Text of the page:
Cutting Edge > Courses > Hydrogeology > Hydrogeology, Soils, Geochemistry 2013 > Course Descriptions > Geohydrology

Geohydrology

Peter Riemersma,
Grand Valley State University
Author Profile

Summary


GEOhydrology is the study of groundwater and its physical and chemical interactions with the physical environment. The course will be focused on those geologic principles that govern the occurrence, movement and quality of groundwater, with an emphasis on those aspects important to environmental professionals.

Course Size:
15-30

Course Format:
Lecture only

Institution Type:
Public four-year institution, primarily undergraduate

Course Context:

Course Content:

Geohydrology is an upper level geology elective taught every other year. It has a physical geology course pre-requisite and does not serve as a prerequisite for any other courses. Typically 80% of the students take the course as geology majors and the remainder as natural resource management majors. The three credit course does not have a lab.

Course Goals:

Students should be able to:

Synthesize water level data and construct a water table map or potentiometric map to determine groundwater flow directions at a site.

Select an appropriate drilling technology and propose a monitoring network to detect groundwater contamination at a new site.

Apply Darcy's Law to estimate/calculate groundwater velocities. Employ water budget equations to calculate changes in water levels (hydrologic cycle). Calculate water storage and release from unconfined and confined aquifers.

Predict the impact of different chemical and physical processes (diffusion, dispersion, sorption, biodegradation, DNAPL) on solute transport.

Apply skills in lithologic description and contouring to characterize site conditions at an actual contaminated site in Michigan by drawing geologic cross-sections, water table maps and contaminant plume maps that will be used to identify flow pathways and estimate groundwater travel times.

Use an understanding of groundwater – surface water interactions to explain observed changes in river and water levels in response to flooding, pumping and precipitation variability.

Select an appropriate drilling technology and design/develop/propose an effective monitoring network to detect groundwater contamination at a site.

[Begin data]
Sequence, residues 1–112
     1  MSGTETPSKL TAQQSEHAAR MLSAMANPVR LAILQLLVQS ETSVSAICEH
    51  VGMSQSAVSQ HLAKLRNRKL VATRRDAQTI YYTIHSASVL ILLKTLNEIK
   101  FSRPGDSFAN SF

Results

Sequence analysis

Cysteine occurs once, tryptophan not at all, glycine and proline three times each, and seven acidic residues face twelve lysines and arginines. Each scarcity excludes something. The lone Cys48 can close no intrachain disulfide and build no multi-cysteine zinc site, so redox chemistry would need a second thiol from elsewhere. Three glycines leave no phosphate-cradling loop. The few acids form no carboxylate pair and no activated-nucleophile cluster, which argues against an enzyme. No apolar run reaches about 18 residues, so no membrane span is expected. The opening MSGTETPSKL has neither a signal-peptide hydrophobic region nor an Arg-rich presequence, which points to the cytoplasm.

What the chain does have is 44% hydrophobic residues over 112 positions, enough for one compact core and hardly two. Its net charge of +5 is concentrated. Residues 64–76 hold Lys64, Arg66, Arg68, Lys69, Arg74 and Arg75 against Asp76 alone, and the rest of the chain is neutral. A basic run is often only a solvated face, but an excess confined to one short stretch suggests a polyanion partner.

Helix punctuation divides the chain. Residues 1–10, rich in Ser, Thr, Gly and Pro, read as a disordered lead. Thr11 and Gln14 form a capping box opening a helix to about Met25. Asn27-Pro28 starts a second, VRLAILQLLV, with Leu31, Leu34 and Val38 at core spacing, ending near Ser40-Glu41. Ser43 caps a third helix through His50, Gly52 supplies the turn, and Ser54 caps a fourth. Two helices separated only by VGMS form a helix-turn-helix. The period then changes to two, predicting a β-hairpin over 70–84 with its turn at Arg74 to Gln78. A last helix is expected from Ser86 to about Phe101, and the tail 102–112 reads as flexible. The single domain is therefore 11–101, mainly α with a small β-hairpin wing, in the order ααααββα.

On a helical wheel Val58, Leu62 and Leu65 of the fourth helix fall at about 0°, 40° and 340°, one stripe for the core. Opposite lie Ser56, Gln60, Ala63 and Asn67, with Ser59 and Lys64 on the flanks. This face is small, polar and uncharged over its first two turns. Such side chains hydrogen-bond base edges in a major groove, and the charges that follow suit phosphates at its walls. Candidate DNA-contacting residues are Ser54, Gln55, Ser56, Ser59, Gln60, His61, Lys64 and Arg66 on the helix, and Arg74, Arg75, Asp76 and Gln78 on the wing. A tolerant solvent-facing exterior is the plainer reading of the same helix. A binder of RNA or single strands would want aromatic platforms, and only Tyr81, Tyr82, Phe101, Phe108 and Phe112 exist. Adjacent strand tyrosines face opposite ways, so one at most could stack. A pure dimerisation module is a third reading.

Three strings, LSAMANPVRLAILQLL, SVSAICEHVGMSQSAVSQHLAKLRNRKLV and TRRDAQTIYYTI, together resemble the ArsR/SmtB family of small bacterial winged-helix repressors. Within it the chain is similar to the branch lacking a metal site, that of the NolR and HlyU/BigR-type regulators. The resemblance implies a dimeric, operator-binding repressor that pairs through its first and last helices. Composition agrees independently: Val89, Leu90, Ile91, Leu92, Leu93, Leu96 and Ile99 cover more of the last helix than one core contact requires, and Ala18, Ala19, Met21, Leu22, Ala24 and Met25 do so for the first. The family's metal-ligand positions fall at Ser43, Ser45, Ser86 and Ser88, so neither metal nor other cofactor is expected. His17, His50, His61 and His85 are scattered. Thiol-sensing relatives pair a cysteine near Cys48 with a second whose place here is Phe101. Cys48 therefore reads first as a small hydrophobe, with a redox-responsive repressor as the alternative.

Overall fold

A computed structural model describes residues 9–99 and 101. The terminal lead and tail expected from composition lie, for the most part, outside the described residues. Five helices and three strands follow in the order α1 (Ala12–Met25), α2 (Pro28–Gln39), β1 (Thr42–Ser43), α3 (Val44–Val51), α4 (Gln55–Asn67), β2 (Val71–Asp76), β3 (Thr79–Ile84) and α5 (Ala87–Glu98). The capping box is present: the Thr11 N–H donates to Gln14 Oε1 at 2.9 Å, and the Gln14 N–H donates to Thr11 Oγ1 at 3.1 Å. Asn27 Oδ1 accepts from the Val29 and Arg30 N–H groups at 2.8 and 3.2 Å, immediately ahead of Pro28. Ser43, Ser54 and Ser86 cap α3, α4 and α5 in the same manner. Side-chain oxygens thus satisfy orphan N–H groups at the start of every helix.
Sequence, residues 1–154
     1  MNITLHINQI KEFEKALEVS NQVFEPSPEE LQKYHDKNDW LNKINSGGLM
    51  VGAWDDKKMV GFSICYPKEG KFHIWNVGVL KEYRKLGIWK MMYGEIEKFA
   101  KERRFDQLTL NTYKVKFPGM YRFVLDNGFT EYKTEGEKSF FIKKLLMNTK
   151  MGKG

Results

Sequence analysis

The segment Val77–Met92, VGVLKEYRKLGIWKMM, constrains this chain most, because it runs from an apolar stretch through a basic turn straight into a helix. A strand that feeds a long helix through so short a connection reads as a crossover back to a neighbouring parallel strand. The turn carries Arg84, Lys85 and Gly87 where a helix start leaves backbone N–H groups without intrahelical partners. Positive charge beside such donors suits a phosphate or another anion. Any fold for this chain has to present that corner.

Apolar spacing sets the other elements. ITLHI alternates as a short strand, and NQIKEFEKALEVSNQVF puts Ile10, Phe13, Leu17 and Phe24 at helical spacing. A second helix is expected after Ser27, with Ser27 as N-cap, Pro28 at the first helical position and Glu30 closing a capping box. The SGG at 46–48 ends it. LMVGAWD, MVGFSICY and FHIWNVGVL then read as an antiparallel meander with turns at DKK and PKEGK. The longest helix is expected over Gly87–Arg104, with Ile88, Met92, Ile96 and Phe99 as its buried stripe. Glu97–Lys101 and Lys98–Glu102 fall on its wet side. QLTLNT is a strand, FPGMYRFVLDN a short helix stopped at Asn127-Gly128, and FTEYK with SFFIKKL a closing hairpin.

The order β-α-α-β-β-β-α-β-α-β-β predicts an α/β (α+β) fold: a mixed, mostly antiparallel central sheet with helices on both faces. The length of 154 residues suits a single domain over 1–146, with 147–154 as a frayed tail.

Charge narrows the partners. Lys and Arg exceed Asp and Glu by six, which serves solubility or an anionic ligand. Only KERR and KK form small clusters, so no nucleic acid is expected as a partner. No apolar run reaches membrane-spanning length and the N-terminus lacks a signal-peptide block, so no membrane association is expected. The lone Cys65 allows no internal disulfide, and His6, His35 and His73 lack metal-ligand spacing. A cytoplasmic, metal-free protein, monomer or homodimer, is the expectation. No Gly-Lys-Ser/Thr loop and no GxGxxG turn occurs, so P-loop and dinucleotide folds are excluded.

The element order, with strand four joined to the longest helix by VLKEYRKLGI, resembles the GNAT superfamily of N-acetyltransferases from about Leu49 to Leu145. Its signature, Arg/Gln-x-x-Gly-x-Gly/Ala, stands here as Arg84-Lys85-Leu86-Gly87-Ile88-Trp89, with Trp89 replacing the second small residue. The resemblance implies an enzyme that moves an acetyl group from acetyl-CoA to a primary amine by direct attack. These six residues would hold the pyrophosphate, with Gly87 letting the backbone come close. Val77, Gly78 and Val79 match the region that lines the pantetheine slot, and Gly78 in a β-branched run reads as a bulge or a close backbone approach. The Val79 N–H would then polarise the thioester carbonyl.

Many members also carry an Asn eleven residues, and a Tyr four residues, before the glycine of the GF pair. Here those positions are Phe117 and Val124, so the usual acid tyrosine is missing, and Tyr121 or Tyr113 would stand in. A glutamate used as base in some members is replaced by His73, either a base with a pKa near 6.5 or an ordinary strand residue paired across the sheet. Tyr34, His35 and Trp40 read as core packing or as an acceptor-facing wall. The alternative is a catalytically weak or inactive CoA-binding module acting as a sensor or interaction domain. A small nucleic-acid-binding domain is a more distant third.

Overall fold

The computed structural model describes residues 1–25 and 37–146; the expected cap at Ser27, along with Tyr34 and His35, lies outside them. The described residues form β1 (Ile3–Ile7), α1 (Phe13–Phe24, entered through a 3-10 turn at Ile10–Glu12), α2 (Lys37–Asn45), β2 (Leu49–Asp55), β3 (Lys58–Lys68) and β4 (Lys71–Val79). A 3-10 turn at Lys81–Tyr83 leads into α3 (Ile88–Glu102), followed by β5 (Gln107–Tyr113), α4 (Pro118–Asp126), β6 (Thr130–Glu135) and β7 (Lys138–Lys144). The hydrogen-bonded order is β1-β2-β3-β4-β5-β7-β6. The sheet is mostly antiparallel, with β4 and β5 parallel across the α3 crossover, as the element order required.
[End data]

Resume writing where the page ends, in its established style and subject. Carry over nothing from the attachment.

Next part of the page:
Skill goals include improve writing and oral presentations, working in groups, critical reading of the literature, and improved quantitative ability. Attitudinal goals include increased awareness of subdisciplines in hydrogeology and increased student confidence in making interpretations given limited data.

Course Features:

The case study project is an opportunity for students to apply much of what they learned in the course. It also highlights how different interpretations can result from scientists even if they are working with the same data.

Course Philosophy:

In addition to exams and homework exercises, I have incorporated in-class activities, field work, oral presentation and case study projects into the course to supplement lecture because there is not a lab.

Assessment:

I grade homework assignments, presentations and use exams and project grades to assess student achievement.

Syllabus:

Geohydrology Syllabus 2011 (Microsoft Word 365kB Apr19 13)

Teaching Materials:


References and Notes:

Fetter, C.W. 2001, Applied Hydrogeology, (4th ed). Englewood Cliffs, NJ: Prentice- Hall, 598 p.
Coverage of content

no lab
not applicable

Recommended reading
Price, Michael, 1996, (2nd edition), Introducing Groundwater, Chapman and Hall (most recently reprinted by Nelson Thornes Ltd), 278 p.

References on Library Reserve
Deming, David, 2002, Introduction to Hydrogeology, Boston, McGraw- Hill, 468 p.
Dominico, P.A. and F.W. Schwartz, 1990, Physical and chemical hydrogeology, New York, Wiley, 824 p.
Freeze, R.A. and J.A. Cherry, 1979. Groundwater. Englewood Cliffs, NJ: Prentice- Hall, 604 p.
Palmer, C.M. 1992, Principles of Contaminant Geology, Chelsea MI, Lewis Publishers 211 p.
Schwartz, F.W., 2003, Fundamentals of Ground Water, NY: Wiley, 583 p.
not really


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